Q1. What role do you think transliteracy will play in the development of publishing (and reading and writing).Ianto Ware’s reading this week was interesting in its comparison of two polar perspectives on publishing today. I LOVED her analogy comparing teenage life to the Internet “the internet is the most teenage of media because it too exists in hypertime of limitless limited moments and constant reinvention”. The “constant reinvention” is becoming a lot more relevant to publishing today and points to an increasing need for transliteracy skills. The conversation prism (http://bit.ly/19JrR3) reinforces that new publishing platforms are constantly being added and changed. The book in its current form has existed for a long time and will likely not be given up easily but as was reinforced in our Week 4 readings -- the electronic formats are already outpacing them (http://zd.net/LrK6ti). Publishers will need to stay ahead of technology trends to be successful. History has demonstrated that as new publishing platforms become available we adopt them – print, radio, TV, and the internet. The more mainstream transliteracy becomes the more we will just expect it. This will range from combinations of genres to a breadth of options (multimedia, text, audio and visual) and new forms too. With the addition of multimedia to the e-book, the next development may be social media enhancements to support the reader’s ability to network with others reading the same book to enable interest group formation through the book, rather than a separate social media site like Facebook or a Fan Website. Machinima is another interesting example publishing evolution. I am not in their primary target audience which may explain why I had no idea of their success but their project results are hugely impressive – for example receiving 3.2 million views (Halo 4’s Forward Unto Dawn) and 60 million views for the game narrative Mortal Kombat: Legacy speaks to its success (consider that the most watched Canadian sporting event was 26.5 million the Men’s gold medal hockey final in Vancouver 2010). I read that highly regarded director, Sir Ridley Scott (Alien, Bladerunner, Prometheus), and his commercial production company RSA are partnering with Machinima to create 12 short science fiction films (http://bit.ly/13RiSVw). Publishing across so many different genres is converging.
Really appreciate the insightful posts, both of you! I'm never the first to post, so I get the luxury of reading the material and your thoughts before chiming in.I gravitated towards Ware's point on "constant reinvention" as well - it's such a succinct way to describe the nature, expectations, and demands of evolving media. I think transliteracy is inevitable in the future of publishing - we are already seeing the power of converging tools to publish and tell stories. Netizens (readers and writers) are increasingly comfortable with combining text, imagery, sound, and motion picture.In addition to your examples Teresa, I was also thinking of how book trailers are becoming more and more popular. Book launches traditionally promote via critics and reviews (in printed papers and online), signings and tours, and through bookstores themselves. However, in the last couple of years, books are releasing trailers and previews like movies. (Ex: The Four Hour Chef by Tim Ferris: http://bit.ly/QaJB9l). Like you said, publishers have to keep up with what audiences want - a multi-media experience with audio/visual stimulation and is sharable through social channels.A friend of mine is an elementary school teacher of grade five students (10 years old) and there was overwhelming interest for a lunchtime 'Film Club'. She supervised it as the sponsor and sure enough, a big group of dedicated kids come together every week with their documented footage (some of which is acted and scripted!) and they work in iMovie to create movies. She teaches them to edit them, add music, and add in text. This is the next generation of transliterate publishers!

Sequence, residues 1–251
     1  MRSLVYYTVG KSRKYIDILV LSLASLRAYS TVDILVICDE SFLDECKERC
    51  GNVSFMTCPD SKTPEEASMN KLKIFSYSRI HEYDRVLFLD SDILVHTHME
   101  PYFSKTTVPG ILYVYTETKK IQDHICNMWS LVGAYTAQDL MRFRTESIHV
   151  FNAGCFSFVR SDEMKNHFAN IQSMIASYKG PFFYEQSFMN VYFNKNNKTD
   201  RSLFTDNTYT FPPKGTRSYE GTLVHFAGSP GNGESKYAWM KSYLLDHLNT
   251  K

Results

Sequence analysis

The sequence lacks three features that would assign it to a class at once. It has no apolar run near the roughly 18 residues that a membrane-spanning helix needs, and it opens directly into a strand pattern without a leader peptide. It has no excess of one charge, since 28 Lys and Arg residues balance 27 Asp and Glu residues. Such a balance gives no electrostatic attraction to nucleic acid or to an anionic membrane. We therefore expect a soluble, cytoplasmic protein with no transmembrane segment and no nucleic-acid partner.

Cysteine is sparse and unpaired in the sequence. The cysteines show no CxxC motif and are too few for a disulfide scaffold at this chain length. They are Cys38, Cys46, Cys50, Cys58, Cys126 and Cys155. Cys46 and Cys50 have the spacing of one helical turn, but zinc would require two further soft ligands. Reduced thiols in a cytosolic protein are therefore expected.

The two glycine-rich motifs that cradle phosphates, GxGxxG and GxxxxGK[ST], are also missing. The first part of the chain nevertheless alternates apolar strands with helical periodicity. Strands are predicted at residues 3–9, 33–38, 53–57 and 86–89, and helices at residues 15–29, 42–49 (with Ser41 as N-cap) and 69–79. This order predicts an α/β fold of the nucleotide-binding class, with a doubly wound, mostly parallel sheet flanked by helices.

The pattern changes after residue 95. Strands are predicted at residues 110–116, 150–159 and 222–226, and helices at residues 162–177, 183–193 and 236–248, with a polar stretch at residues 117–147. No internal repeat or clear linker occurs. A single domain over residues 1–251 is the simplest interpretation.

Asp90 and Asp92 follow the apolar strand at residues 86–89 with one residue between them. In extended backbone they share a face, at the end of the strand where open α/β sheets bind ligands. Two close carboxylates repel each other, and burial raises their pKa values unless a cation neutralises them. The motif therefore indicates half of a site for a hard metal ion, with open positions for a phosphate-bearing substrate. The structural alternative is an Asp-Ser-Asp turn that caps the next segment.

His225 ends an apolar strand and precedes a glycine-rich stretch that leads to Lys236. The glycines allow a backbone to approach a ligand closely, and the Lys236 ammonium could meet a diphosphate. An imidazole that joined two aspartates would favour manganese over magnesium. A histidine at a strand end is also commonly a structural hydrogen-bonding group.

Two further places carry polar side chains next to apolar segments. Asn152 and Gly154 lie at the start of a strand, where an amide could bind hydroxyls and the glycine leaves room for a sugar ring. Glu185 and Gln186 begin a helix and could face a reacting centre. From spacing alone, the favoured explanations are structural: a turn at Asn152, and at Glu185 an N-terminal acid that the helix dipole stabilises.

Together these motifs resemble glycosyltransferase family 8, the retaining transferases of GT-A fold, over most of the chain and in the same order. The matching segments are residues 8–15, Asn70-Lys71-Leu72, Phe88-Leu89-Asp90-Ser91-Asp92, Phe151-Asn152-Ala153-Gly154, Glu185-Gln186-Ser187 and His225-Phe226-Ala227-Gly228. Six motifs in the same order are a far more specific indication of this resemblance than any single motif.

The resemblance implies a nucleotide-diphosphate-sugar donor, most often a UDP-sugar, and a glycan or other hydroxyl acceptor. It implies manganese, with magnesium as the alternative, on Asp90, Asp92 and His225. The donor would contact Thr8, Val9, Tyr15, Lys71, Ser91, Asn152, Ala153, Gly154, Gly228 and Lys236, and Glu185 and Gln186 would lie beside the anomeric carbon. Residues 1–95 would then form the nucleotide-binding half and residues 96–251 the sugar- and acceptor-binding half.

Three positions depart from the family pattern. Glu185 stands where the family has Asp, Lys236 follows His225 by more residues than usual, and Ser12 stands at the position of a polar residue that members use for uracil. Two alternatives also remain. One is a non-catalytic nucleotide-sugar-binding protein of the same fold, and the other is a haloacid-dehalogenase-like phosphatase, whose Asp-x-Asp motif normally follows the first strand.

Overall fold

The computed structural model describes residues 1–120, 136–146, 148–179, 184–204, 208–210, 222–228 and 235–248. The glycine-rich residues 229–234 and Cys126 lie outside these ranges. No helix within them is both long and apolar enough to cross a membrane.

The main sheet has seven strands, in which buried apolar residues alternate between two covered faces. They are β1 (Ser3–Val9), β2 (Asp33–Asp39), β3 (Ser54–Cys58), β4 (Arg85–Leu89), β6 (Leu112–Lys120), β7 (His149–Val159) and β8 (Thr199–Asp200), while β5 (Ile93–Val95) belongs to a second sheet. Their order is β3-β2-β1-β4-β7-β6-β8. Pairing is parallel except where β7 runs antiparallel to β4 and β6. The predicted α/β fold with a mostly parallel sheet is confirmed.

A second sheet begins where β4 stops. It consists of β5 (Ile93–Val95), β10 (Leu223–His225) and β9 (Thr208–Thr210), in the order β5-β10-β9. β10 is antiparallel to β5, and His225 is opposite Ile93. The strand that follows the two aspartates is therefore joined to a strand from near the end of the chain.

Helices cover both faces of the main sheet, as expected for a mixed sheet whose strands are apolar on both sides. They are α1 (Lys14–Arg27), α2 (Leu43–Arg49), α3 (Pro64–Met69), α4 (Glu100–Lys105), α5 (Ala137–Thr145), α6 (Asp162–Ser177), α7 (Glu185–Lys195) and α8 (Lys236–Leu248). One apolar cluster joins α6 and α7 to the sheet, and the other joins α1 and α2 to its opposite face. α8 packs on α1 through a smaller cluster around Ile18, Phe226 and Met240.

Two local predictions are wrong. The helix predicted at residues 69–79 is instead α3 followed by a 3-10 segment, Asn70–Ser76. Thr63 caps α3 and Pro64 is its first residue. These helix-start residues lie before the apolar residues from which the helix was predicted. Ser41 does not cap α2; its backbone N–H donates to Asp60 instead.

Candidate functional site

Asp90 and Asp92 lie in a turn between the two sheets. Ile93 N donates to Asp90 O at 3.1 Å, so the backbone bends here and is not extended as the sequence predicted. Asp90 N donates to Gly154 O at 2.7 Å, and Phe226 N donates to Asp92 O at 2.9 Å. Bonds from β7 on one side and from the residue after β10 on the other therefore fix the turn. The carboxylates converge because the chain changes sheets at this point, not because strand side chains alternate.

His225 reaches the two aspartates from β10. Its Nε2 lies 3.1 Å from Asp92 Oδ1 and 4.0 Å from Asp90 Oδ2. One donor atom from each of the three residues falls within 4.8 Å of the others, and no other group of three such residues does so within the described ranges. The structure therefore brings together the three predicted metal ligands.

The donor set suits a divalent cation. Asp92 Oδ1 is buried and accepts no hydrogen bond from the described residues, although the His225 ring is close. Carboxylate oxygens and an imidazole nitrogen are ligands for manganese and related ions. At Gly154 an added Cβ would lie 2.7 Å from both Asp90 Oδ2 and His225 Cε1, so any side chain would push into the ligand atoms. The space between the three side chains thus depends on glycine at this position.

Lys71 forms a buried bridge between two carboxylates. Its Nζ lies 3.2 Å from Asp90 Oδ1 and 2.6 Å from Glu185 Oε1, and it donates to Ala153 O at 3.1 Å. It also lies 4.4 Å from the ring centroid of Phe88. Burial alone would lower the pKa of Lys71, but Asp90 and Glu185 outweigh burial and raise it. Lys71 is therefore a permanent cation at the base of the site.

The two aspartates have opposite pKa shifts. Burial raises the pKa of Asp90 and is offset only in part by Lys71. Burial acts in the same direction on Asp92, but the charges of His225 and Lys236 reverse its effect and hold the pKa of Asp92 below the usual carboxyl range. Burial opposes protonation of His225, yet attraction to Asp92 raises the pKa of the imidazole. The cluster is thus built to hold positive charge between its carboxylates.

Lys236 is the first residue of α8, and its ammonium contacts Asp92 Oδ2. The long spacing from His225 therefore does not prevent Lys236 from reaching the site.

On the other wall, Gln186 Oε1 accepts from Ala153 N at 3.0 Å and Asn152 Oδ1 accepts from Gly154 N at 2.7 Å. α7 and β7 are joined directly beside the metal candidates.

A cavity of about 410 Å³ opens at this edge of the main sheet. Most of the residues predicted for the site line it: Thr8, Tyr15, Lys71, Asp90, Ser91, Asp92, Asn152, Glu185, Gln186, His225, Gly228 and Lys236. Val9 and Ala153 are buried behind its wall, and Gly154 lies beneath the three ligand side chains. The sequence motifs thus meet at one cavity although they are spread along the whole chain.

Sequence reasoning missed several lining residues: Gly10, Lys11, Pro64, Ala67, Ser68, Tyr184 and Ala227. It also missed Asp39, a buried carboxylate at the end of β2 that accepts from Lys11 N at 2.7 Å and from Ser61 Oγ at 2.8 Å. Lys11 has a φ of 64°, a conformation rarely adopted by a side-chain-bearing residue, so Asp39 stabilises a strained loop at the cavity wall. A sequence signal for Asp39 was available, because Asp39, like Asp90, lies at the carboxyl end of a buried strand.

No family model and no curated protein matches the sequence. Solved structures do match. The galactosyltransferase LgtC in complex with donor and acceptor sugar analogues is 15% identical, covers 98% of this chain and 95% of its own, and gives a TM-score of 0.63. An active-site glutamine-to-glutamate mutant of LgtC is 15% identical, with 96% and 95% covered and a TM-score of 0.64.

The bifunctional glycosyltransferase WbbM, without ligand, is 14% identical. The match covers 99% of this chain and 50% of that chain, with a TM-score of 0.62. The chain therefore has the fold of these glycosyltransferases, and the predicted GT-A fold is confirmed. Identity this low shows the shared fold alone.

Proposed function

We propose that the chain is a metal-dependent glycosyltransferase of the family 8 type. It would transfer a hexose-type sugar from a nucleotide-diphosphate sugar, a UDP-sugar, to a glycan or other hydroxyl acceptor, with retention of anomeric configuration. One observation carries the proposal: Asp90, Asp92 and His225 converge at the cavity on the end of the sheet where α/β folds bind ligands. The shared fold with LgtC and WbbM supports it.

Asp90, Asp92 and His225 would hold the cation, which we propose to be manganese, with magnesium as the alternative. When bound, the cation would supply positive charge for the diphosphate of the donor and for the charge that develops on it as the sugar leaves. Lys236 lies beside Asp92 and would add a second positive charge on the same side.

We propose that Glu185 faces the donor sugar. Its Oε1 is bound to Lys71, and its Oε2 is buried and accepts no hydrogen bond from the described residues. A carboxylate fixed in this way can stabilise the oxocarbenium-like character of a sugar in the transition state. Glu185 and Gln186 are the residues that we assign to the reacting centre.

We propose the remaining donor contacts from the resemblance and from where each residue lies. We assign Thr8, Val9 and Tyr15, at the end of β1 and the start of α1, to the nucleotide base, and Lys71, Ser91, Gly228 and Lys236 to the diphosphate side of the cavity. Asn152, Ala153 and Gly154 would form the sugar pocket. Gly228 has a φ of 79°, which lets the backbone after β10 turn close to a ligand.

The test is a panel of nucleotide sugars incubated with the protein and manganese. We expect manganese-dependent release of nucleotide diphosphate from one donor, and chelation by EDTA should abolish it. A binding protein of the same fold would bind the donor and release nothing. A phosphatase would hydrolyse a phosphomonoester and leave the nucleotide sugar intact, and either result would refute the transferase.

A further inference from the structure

Q2. “I think it is a great thing when amateurs create, even if the thing they create is not as great as what the professional creates. . . . that doesn’t mean we should not criticize works created badly but it does mean you’re missing the point if you simply compare the average blog to the NY Times. What does Lessig’s quote imply about (critical literacies) and literary practices concerned with publishing?Lessig thinks it is a good thing that democratic societies engage and exchange in open forums – the value comes not so much in the substance of the debate but the fact that honest open discussion is happening at all! No matter how weak the content, the positive is the will to participate versus being passive. Lessig’s quote also caused me to reflect on how we must consider the source of the published material and digest it accordingly. This harkens back to the CRAP test that Rheingold emphasizes in his work (video: http://bit.ly/XxmSVO or blog post (http://bit.ly/pnNLV4). We need to appreciate that the amateur blogger is not a professionally trained journalist, but regardless they add value to their audience. In fact, the teenager’s blog is likely of much more relevance and interest to their group of friends than is a typical NYT blog post. That teenage amateur blogger may be the next great leader or author. Henry Jenkin’s (2008) lecture Combating the Participation Gap: Why New Media Literacy Matters (http://bit.ly/11Wi5t) also speaks to the idea Clay Shirky raises. He thinks it is important for our society to have “bad art” because it lowers the barrier to participate – to get better – and to get feedback, which is the process of improving. He says the platforms provide us with insights with which we can make judgments and that this discussion helps create literacy.